Mound Country


I left Greber in Chillicothe and the next day made some quick stops at sites I had missed: Story Mound, a large Adena burial mound owned by the Ohio Historical Society and located in a residential section of Chillicothe; Fort Hill, a hilltop enclosure southwest of Chillicothe, where, on a trail deep in the woods, I came across a man hunting wild rosemary—just like the hunter-gatherers of old, I thought. And finally the spectacular effigy Serpent Mound, near Locust Grove, the seven curves of its body covering nearly a quarter of a mile. Visitors can get an overview of the serpent from an observation tower, but how the Adena—or maybe the later Fort Ancient people—were able to achieve its faultless proportions is a mystery.

As I headed home, I thought about what Greber had said about how people “arranged themselves”—maybe in ways that we know nothing about—and what Lepper had said about their ability to cooperate without compulsion and how this could be a “message from the past.”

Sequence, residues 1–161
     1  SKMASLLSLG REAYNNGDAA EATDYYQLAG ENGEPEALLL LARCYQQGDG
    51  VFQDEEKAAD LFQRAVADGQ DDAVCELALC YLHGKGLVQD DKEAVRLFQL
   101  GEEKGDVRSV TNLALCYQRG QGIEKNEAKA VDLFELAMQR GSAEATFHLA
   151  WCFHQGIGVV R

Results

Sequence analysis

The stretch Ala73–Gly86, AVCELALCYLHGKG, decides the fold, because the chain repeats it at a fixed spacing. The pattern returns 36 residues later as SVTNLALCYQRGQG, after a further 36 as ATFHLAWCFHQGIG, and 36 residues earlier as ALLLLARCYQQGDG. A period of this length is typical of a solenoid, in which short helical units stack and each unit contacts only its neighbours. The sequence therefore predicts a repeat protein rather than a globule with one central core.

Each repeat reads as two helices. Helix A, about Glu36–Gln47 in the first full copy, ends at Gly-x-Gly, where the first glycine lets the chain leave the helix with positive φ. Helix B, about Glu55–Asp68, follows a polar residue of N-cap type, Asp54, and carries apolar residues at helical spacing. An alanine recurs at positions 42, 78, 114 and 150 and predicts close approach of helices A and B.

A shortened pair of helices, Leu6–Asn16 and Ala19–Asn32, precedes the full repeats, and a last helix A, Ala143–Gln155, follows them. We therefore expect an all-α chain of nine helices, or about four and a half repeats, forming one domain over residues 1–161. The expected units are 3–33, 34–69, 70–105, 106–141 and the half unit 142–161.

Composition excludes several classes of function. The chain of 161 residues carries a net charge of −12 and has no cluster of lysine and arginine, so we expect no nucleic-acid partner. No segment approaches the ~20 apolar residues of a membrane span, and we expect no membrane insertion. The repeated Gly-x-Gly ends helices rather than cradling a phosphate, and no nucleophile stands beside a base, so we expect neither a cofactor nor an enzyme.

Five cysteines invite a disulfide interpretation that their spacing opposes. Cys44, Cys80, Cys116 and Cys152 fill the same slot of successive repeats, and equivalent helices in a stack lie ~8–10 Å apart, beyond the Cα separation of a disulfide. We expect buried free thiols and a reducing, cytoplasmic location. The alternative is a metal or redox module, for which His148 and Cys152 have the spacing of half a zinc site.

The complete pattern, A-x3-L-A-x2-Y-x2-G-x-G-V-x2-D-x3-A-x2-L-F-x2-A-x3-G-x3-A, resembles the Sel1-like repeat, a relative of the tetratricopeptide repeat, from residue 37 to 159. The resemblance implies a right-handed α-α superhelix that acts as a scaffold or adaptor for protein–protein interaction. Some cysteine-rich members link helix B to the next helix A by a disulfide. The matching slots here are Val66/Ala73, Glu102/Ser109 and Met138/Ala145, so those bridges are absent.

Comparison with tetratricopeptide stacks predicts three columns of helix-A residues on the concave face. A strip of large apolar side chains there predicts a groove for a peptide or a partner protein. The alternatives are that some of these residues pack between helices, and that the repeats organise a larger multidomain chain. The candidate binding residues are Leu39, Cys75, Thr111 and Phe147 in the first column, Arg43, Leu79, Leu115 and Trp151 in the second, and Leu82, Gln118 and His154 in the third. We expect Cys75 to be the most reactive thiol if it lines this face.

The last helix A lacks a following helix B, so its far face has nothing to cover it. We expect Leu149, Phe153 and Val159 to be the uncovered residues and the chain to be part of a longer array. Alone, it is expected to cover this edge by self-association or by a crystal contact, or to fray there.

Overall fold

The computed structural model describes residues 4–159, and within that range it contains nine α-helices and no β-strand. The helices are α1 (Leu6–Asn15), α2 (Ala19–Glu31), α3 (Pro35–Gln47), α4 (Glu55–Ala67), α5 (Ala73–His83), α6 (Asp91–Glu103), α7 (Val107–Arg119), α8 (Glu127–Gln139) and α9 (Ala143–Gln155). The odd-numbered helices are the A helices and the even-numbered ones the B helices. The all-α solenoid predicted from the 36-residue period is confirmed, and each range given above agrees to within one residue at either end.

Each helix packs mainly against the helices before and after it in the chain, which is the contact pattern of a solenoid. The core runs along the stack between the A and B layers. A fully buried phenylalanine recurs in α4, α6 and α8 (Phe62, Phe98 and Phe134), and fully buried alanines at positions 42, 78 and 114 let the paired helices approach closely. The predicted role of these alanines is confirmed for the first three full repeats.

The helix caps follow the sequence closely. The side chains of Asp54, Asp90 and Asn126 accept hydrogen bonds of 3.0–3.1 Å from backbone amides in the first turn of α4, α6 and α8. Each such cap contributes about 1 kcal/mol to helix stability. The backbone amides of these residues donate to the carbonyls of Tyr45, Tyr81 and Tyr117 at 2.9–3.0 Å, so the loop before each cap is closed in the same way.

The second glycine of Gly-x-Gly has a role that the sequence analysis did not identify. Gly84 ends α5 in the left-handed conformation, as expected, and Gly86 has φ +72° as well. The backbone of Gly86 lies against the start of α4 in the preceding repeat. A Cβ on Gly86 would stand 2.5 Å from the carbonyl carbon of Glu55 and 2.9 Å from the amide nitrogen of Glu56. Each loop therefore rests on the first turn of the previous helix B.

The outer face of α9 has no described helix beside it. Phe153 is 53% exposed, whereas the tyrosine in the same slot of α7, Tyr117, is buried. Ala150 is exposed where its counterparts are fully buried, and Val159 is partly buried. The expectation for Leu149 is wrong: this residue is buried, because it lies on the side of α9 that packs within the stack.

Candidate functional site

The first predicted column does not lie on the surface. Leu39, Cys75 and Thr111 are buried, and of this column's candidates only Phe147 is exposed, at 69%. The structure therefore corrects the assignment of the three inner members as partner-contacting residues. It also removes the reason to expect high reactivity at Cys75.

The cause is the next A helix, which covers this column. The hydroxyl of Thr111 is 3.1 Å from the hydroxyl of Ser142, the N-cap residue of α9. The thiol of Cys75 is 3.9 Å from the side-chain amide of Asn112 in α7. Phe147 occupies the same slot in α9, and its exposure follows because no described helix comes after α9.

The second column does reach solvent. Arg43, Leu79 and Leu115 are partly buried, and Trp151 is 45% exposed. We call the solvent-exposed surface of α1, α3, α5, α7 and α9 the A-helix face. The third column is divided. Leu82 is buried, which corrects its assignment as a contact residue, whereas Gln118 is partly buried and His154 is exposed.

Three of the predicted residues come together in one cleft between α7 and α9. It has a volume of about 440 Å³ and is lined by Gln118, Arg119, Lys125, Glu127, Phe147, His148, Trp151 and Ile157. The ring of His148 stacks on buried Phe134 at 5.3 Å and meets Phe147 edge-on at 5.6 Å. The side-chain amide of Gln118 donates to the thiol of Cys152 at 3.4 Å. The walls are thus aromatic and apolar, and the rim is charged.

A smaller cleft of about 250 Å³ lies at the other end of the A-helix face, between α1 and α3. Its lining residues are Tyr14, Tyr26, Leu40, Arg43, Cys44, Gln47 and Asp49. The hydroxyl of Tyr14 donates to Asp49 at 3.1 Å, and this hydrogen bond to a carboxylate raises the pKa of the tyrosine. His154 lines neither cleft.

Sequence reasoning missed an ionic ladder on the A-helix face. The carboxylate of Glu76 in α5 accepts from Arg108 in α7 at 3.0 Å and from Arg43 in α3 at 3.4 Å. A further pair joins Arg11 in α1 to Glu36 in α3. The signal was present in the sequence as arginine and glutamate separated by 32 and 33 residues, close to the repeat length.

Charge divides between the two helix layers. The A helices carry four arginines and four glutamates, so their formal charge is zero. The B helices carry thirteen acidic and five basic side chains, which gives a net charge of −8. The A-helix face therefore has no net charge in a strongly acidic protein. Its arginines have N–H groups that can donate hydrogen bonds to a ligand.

I had to admit that the message seemed faint, but then, to me, messages from the past often are. More to the point, I thought, was a story Susan Yoho told me about a farmer who went out daily to his fields to look for prehistoric artifacts. Every day his wife would say to him, “Honey, I don’t know what you’re looking for, but I hope you find it.”

Archeology has produced more questions than answers. How many people did it take to build the mound? How was it used? Who was buried in there?

Well, I thought, I didn’t know what I was looking for in the Ohio Valley, but I had found it aplenty. I had gotten in my mind a vivid picture of what a nineteenth-century traveler called “the great monuments and pyramids … of the ancient nations of N. America” and, in my pocket, an arrowpoint from a tobacco field in West Virginia that I at least found beautiful.